So kids don’t try to do well in school. Parents don’t push them to get their homework done, instead asking them to watch their siblings or run errands. No one worries or does anything when test scores are low because the kids are expected to fail. Often the environment is blamed for the results. “Who could be expected to do well in school in a place like that?” This may be true, but it doesn’t make things better. Instead, it adds to the feeling of hopelessness and the expectation of failure. People accept it when the gangs move in, or the payday loan places get everyone addicted to high-interest credit, or prostitutes walk the streets. That part of the population is thrown away and their talents lost.
Are their kids in these neighborhoods who try their best and get their homework done despite all of the negativity around them and people asking them to do things besides what should be their primary goal: getting an education? Of course. Are their great parents living in these areas, pushing their kids to do well and trying to get their kids a great education despite having terrible schools and the parents needing to work long hours in low-wage jobs? Of course there are. There are people who go to college from these neighborhoods, who get middle-class jobs, and some who even become very wealthy. A few become tradesmen like electricians and plumbers who are able to make a good income and move to a better area for their kids. There just aren’t a lot of them. The opportunity they have, because of where they live, is not the same as that those living in the suburbs where there isn’t a lot of crime and where everyone is expected to go to college and/or get a good job after school. A drive-by shooting in south Chicago is just another Saturday night. One in Beverly Hills would be front-page news and would result in all sorts of reaction.
So, promoting equality would say, let’s find a way for these kids in the bad neighborhoods to have the conditions they need to thrive. The best result would be for the neighborhoods to be cleaned up where things were safe, there weren’t gangs and crime, and all of the kids would be focused on getting through school and working jobs in their free-time. The expectations of everyone in the neighborhood would be that the kids were going to finish high school with good grades and get great jobs and/or go to college after, just as they are in the suburbs. That school was their primary task and and everyone would be focused on that goal and supporting the kids. Note that having high expectations costs nothing.
But it is very difficult to get to that point since the entire culture of the neighborhood, built up after generations of repeating the cycle and learning that “this is just the way it is, no one gets out of here,” would need to be changed. And the attitudes of those outside the neighborhoods, who also don’t expect the kids from those neighborhoods to thrive, would also need to change. Society in general is writing the kids from these neighborhoods off before they are even born. People just learn to ignore these places and pretend they don’t exist.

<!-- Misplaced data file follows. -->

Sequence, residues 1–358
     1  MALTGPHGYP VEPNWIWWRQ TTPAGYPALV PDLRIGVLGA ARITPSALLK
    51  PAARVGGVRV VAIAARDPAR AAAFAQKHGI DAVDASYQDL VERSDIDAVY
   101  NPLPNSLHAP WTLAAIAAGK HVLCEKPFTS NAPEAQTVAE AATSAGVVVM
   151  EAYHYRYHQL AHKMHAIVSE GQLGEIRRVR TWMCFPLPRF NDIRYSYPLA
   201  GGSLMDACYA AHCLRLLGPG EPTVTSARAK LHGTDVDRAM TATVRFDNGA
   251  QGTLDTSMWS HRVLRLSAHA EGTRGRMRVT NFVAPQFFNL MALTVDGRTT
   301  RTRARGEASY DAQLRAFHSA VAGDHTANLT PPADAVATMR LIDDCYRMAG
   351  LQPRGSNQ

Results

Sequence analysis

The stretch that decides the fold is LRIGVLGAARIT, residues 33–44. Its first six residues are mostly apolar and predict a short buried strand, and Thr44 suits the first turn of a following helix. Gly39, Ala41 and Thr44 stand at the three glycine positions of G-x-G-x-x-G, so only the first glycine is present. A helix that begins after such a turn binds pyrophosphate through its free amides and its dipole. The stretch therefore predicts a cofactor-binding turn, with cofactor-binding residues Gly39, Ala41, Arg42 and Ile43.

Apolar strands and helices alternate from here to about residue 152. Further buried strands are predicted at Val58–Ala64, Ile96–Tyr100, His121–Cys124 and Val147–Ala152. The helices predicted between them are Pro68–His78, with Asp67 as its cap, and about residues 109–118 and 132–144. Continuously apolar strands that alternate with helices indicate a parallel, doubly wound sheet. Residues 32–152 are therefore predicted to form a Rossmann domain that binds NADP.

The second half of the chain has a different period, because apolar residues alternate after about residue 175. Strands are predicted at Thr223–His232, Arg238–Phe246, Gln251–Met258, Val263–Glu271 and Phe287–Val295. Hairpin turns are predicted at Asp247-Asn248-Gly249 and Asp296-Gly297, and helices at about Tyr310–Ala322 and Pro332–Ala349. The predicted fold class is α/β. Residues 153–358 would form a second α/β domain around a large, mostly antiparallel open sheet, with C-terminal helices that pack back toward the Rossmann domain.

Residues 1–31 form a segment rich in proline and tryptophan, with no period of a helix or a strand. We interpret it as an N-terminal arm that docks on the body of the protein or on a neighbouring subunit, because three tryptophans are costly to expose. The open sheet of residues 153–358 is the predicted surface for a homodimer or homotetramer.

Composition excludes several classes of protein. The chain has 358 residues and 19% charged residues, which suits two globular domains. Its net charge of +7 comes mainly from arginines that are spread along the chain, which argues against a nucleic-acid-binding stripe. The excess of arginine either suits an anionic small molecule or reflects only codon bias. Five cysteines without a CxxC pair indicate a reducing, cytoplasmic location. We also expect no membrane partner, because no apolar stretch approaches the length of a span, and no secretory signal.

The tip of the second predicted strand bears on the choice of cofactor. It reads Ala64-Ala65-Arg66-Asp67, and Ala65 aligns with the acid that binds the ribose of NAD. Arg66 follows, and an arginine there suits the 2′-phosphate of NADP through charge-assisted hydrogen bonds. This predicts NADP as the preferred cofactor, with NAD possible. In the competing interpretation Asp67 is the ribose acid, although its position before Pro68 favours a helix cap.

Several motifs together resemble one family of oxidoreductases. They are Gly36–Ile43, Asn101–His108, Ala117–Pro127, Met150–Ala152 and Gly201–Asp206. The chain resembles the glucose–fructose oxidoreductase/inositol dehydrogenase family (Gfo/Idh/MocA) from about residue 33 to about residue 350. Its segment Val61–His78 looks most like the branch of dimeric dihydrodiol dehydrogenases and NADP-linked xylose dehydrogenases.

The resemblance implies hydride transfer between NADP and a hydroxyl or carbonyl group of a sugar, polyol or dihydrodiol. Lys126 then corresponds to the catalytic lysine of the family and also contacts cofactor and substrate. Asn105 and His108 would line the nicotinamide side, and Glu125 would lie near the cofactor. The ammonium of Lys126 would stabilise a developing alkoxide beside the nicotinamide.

A more workable solution would be to get the kids who want to succeed and are willing to put in the work needed, possibly with their parents, out of these neighborhoods and into a better environment where those around them have high expectations. A first step in creating this equality is creating new schools for these kids, separated from the failing schools, and/or giving these kids a way to get to other existing schools that have a better environment. One that will motivate them to do well and finish, rather than pull them down out of envy and spite. Getting them into a better school, however, may not be enough, if they go home to an environment not conducive to doing the homework they need to do. It might be necessary to have boarding school for the kids, or even create neighborhoods for the kids who are going to these schools where their parents could buy a house or rent an apartment if their kids are attending the school. Maybe have family dorms or something so that the kids could live in an area of high expectations rather than one of low expectations.
The equity solution would be to just give everyone the same thing after they get out of school, regardless of whether they finish school and are working a job where they’re producing lots of things or not. If you work 100 hours per week and provide things for 1000 people, you get a two bedroom, 1200 square-foot house. If you don’t work at all, you still get a two bedroom, 1200 square-foot house. Maybe you don’t actually give out houses and things, but if the guy working 100 hours per week makes $100,000 per year, you take $75,000 away from him and give out $25,000 each to three people who aren’t working, so they all end up with the same.
And if you are working, it really doesn’t matter if you’re doing something of high value or low. If you’re a doctor, having spent 10 years in college and medical school and having spent $250,000 on your education, you get $25,000 per year. If you don’t finish school and spend your days making art out of dog excrement, you get $25,000 per year. There is no incentive to do things that are valuable, it all pays the same.